The spots were almost gone now, and the blanket was warm enough, but Mick's muscles were still quivering from the aftershock.

"I mean, what the hell happened to me?"

Cold went back to staring at the wall, but he had the grace to sound gruffly apologetic.

"My cold gun misfired when he knocked it. You got in the way." He shot Mick another, less cold glance. "Sorry."

Mick had always had a weird relationship to fire, but there was nothing he straightforwardly hated more in the world than cold, ice and everything related. Funny what having been locked up in a walk-in freezer as a kid could do to you.

No wonder his hands were still shaking like mad.

The guy had apologised, though, and something told Mick that it wasn't the kind of thing that happened often.

He sat up and brought his knees to his chest, wrapping the blanket around himself and curling into the tightest ball he could to regain a bit of warmth.

"So …" he finally ventured when his voice was steady enough, "you didn't kill that guy, back there?"

Cold shrugged. "'Course not. I'm not some kinda serial killer, and I'm not dumb either. You kill someone, you get a whole lot of heat. And I'm not too fond of that."

Heh. Figures.

"But the dude was in a giant icicle! You're gonna tell me that he wasn't hurt?"

"Not much more than you." A smirk made its way across his face. "Suspended animation – that's how the cold gun works. It doesn't ice people if I don't set it to. Once they've thawed out, all they need is a bit of warming-up and they're fine."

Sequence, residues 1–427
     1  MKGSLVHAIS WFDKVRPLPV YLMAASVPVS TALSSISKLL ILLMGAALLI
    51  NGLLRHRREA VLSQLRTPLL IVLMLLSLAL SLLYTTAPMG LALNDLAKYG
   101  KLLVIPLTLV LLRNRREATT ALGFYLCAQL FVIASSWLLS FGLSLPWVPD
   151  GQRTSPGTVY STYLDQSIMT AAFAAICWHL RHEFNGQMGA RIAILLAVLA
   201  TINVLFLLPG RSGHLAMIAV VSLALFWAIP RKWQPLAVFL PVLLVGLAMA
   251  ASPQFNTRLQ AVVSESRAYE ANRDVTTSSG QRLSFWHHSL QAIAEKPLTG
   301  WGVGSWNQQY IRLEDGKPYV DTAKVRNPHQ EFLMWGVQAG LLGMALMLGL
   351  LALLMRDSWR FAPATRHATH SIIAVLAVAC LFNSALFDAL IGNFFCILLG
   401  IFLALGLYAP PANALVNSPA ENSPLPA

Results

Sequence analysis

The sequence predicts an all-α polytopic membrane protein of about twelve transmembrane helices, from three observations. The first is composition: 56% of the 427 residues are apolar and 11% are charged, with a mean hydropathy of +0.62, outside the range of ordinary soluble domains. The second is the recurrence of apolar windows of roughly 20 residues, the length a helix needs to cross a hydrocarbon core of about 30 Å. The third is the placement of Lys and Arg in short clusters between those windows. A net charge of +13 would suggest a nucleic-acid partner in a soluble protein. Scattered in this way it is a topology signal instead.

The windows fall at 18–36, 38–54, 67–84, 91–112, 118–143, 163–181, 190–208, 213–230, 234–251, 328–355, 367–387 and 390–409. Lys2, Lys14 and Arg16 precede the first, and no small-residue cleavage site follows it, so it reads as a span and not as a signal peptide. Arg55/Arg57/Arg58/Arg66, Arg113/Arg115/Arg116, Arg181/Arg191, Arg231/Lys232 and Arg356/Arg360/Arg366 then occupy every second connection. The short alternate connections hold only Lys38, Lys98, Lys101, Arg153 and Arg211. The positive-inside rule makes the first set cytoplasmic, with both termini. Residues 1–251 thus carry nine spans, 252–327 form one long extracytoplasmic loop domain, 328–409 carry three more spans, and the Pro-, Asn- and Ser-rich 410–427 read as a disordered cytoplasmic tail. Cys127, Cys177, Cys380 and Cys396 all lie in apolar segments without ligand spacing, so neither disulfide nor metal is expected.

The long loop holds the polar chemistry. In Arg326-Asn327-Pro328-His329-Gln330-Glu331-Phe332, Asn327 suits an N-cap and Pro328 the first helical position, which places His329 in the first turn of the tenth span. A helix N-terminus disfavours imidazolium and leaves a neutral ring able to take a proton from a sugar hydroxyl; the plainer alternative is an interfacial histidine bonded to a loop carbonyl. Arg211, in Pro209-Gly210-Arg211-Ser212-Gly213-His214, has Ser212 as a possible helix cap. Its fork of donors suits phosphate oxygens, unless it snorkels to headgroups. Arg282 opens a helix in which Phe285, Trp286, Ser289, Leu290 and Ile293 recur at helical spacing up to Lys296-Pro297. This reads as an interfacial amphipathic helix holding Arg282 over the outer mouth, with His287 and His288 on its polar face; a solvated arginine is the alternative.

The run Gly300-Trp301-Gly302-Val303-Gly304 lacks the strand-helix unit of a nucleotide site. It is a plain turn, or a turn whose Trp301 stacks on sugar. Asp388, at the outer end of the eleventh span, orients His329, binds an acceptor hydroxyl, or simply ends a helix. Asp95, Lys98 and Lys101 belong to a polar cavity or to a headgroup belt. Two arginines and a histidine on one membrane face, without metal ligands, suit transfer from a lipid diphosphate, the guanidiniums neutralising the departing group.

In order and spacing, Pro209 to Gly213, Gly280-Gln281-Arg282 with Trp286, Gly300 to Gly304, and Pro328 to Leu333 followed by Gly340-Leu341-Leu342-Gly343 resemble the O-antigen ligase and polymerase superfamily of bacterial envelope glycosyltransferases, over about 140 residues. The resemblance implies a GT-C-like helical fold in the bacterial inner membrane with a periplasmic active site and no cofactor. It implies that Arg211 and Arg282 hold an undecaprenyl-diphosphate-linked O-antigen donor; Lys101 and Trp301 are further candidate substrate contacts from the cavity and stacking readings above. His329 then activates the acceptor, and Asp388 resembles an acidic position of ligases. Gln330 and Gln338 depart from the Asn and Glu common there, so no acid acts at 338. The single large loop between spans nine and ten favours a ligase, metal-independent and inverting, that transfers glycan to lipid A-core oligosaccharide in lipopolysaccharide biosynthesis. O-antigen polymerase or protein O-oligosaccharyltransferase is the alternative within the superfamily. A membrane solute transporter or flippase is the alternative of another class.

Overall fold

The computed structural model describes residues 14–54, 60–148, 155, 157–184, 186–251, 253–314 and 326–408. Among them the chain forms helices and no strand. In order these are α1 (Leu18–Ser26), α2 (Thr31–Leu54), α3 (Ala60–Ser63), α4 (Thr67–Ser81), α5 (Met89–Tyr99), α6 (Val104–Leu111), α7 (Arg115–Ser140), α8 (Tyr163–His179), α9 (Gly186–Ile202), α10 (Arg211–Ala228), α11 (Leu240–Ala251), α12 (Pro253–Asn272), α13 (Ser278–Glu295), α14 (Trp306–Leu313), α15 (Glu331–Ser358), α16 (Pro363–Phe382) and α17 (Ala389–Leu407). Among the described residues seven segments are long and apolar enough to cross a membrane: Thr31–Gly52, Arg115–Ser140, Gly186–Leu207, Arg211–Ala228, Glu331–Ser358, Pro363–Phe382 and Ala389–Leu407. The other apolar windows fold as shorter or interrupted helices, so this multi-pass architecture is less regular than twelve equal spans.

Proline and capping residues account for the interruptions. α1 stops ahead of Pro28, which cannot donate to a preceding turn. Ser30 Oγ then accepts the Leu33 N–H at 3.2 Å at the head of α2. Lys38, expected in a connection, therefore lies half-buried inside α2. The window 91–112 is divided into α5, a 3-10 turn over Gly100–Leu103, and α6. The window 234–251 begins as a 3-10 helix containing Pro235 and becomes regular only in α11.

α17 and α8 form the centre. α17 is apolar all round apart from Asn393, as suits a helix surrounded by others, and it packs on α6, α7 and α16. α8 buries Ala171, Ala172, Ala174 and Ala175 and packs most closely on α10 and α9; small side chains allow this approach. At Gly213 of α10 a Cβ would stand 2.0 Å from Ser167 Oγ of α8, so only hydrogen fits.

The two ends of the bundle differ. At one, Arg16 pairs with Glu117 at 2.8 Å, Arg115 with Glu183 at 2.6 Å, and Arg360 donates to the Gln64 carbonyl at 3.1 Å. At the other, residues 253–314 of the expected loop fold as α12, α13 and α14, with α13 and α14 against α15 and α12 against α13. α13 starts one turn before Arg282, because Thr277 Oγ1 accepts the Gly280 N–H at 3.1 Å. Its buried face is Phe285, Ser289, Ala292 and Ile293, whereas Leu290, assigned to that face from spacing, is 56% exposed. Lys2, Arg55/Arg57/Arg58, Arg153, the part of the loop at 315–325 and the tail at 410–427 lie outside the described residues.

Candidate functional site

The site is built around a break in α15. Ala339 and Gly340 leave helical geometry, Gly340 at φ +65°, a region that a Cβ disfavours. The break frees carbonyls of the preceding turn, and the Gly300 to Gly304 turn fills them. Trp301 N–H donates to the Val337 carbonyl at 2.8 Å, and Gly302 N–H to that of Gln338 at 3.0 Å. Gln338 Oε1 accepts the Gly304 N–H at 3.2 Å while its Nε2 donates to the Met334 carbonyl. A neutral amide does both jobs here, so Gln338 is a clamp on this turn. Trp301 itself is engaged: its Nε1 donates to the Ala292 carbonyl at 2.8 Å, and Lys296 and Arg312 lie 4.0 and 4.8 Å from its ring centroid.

"Fine – yeah, right," muttered Mick, fully aware that the room temperature wasn't that low but still hugging his knees and shivering. "You're nuts."

The smirk became a grin. "Because setting stuff or people on fire is so much healthier."

The point sank in, and Mick glared at his cell mate.

"I don't get off on it! I'm not some pyromaniac nutjob." That wasn't a hundred per cent true, but Mick drew the line at hurting innocent people, so he had decided that Heatwave wouldn't do that, either.

Captain Cold threw him a pointed look. "Me neither. It's a job. Okay, so I like my job, but the gun's just a work tool."

Mick nodded. It wasn't often that he came across somebody who understood this frame of mind and didn't run off to call the men in white. At least the Flash had handed the two of them to the cops. If he had pulled this stunt in Gotham, Batman would have dragged both their asses to Arkham Asylum … and he'd heard about the people in there. The loonies and the serial killers and the ones who tortured people and did things to little kids for kicks – not to mention the guys who actually chose to work there. Just thinking about it gave him the creeps.